Home » Uncategorized » Jekyll-Jekyll-Hyde-Jekyll-Hyde-Jekyll-Hyde!

Jekyll-Jekyll-Hyde-Jekyll-Hyde-Jekyll-Hyde!

My experience with the story of Jekyll and Hyde before reading the book (or, novella, I suppose? It’s so short!) had been quite limited. Everyone knows the vague story of course, as with Frankenstein, as it’s referenced frequently. Prominently, I remember a song from the kids show “Arthur” that was pretty great, and the basis for the title of this post. (http://www.youtube.com/watch?v=MiB4dMwDFtg). But I had no knowledge on how the story was originally written, which is why I was surprised that the protagonist was not Dr. Jekyll, but more Mr. Utterson.

I was expecting the story to be told from the point of view of Jekyll and Hyde, and was at first slightly confused with who this Mr. Utterson was, and what his significance was. But it quickly started to make sense as I realized this is a sort of mystery novel, and Mr. Utterson is our curious detective. Unfortunately, there was really no “puzzle-piecing” to be done by us, the reader, as we all knew the plot twist before we even opened the book. However, despite being cheated out of surprize, it was still a good read. Not fantastic, but good. I guess I just didn’t find any of it particularly exciting or captivating. It was good, don’t get me wrong (side note: you’d be hard pressed to find a text in this reading list that I strongly dislike.) but it didn’t inspire any particularly strong feelings in me. Though I did feel significant disbelief that Utterson doesn’t read the letter given to him Layton right away. How could he have so much control of his curiosity? What kind of make-shift detective doesn’t investigate all the clues? The lesson to be learned here is that lawyers make bad detectives. But, somehow he doesn’t read the letter until Jekyll really is dead. I was also quite confused by Dr. Layton’s death. He sees the transformation of Hyde to Jekyll, has some kind of break down, and soon dies…? I mean, I’m sure it wasn’t a pretty sight, and I’m sure the knowledge would be quite traumatizing, but he really just dies? And doesn’t tell anyone what he saw?  I was a tad perplexed by that. But, my complaints aside, the issue of Dr. Jekyll’s personality spit was quite intriguing, and I’m looking forward to the monster discussion that may occur. Is Dr. Jekyll a monster as well as Mr. Hyde? Jekyll is the one who “creates” Mr. Hyde, by bringing him out from within himself. And yet, Jekyll is still a “good person” and doesn’t do anything terribly atrocious beyond creating Hyde. I have to say, it was nice to have a monster who was quite evil for the sake of being evil. He wasn’t mistreated by society and as a result becomes cruel and unfeeling. From the moment Hyde emerges from Jekyll his purpose is really solely to be destructive, let out steam. Looking forward to seeing how this is discussed in the lecture, see you all there!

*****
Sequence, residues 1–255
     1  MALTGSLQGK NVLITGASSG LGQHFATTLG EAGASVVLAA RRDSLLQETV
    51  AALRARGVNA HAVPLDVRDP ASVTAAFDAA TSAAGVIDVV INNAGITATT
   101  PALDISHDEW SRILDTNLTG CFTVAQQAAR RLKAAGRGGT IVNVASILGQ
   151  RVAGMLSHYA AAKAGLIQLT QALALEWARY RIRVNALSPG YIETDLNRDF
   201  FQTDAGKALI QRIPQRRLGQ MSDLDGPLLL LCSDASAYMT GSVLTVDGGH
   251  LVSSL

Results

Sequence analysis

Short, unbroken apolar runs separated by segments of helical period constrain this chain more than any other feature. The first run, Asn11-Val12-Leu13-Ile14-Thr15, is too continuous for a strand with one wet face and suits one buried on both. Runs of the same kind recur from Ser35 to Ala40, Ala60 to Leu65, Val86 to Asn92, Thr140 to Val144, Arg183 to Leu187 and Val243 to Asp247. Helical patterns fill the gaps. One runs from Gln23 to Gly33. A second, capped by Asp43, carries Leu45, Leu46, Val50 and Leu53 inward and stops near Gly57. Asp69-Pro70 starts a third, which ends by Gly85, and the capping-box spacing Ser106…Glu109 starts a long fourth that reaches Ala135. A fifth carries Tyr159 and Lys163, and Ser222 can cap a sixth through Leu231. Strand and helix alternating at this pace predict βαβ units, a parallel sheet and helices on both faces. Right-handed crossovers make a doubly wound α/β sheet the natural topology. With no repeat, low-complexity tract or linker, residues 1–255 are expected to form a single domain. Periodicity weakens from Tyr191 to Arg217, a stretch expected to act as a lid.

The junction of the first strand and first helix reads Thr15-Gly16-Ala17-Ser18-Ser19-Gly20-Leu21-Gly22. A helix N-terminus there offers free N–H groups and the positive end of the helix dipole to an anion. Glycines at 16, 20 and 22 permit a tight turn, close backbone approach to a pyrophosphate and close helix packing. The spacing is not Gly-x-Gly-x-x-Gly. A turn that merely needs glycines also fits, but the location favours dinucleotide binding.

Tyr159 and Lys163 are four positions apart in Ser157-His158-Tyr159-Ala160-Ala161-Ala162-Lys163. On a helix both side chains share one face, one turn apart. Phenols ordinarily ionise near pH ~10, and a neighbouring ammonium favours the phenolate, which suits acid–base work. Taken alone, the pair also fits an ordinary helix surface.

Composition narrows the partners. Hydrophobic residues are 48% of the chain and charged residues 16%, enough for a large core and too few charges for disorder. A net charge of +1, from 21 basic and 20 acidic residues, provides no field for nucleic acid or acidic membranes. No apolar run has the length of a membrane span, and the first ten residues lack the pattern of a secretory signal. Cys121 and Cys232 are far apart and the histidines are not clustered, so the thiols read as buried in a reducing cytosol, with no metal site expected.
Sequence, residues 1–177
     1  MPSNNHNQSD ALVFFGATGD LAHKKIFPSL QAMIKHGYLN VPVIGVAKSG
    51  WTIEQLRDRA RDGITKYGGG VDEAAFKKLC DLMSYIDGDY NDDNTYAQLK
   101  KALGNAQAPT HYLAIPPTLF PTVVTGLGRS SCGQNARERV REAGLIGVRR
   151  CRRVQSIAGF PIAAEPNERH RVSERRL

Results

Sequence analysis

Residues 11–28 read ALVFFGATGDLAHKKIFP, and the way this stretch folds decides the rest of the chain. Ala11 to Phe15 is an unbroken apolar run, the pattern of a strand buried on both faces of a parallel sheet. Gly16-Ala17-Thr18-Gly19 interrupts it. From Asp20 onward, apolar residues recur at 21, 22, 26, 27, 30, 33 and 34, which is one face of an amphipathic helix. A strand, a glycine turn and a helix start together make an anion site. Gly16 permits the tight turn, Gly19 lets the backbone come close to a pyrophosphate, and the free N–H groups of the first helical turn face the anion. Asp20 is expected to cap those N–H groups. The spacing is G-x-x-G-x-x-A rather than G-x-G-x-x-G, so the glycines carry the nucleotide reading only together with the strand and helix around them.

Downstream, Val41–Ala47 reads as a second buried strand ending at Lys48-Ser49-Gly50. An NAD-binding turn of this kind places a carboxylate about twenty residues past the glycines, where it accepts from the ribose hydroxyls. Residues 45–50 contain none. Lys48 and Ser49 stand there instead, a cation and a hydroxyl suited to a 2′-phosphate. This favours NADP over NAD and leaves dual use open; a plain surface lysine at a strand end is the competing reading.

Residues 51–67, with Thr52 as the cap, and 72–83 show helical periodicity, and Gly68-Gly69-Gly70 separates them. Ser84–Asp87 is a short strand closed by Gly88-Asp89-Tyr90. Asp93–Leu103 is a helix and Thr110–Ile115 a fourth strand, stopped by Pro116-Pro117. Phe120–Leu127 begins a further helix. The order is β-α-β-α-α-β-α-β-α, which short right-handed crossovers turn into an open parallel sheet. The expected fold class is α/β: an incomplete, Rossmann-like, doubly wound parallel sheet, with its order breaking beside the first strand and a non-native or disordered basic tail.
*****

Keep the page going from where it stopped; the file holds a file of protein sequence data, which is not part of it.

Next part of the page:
Advertisements

4 thoughts on “Jekyll-Jekyll-Hyde-Jekyll-Hyde-Jekyll-Hyde!

  1. The title, and Arthur reference instantly grabbed my attention. That song is awesome. I agree that Mr. Hyde is probably the “evilest” character we’ve examined so far in Arts one, I’m glad we don’t have to reexamine or play devils advocate for another villain. But only he’s evil if you look at him as a singular persona, or whether he is a duality or extension of Jekyll. I also like your mention of Hyde as a stress reliever for Jekyll, reminds me of Freud’s categorizing the human psyche as id, ego, and superego. Hyde is purely the “id” or the primal drive. Must feel like a drug to just let your instincts flow freely and passions run rampant. But that’s what laws are for right?

    Sweet blog, nostalgia captivated me.

  2. I was also surprised by how Dr Layton actually dies because he witnessed the transformation of Dr Jekyll to Mr Hyde and how he didn’t tell anyone about it. Maybe it was because he thought it was illegal and he didn’t want to bring down trouble onto himself. It’s like knowing about an illegal crime organization that’s taking place but you don’t want to report it to the police because you’re worried about your own safety. That, or maybe because Dr Layton knows Dr Jekyll so he doesn’t want to see Dr Jekyll in jail? Maybe it isn’t the shock that kills Dr Layton.. it might simply be the guilt that he has because he knows who was responsible for the murder of the MP, but he decides to keep quiet about it.

  3. Well, thank you (I think) for introducing me to Arthur his song…

    Meanwhile, arguably Hyde *is* indeed as much a product of society as any of the other monsters we’ve seen, if we think of him as the “return of the repressed,” the consequence (in Caroline’s word) of Victorian propriety, prudery, and hypocrisy.

  4. … NIce song 😀 and yes, I agree that I sometimes found the story rather boring. however, I disagree upon Hyde being evil for the sake of evil. He’s all of Jekyll’s repressed feelings, not necessarily evil feelings, but built up, their consequences and actions are those that we deem evil.

Leave a Reply

Fill in your details below or click an icon to log in:

WordPress.com Logo

You are commenting using your WordPress.com account. Log Out /  Change )

Google photo

You are commenting using your Google account. Log Out /  Change )

Twitter picture

You are commenting using your Twitter account. Log Out /  Change )

Facebook photo

You are commenting using your Facebook account. Log Out /  Change )

Connecting to %s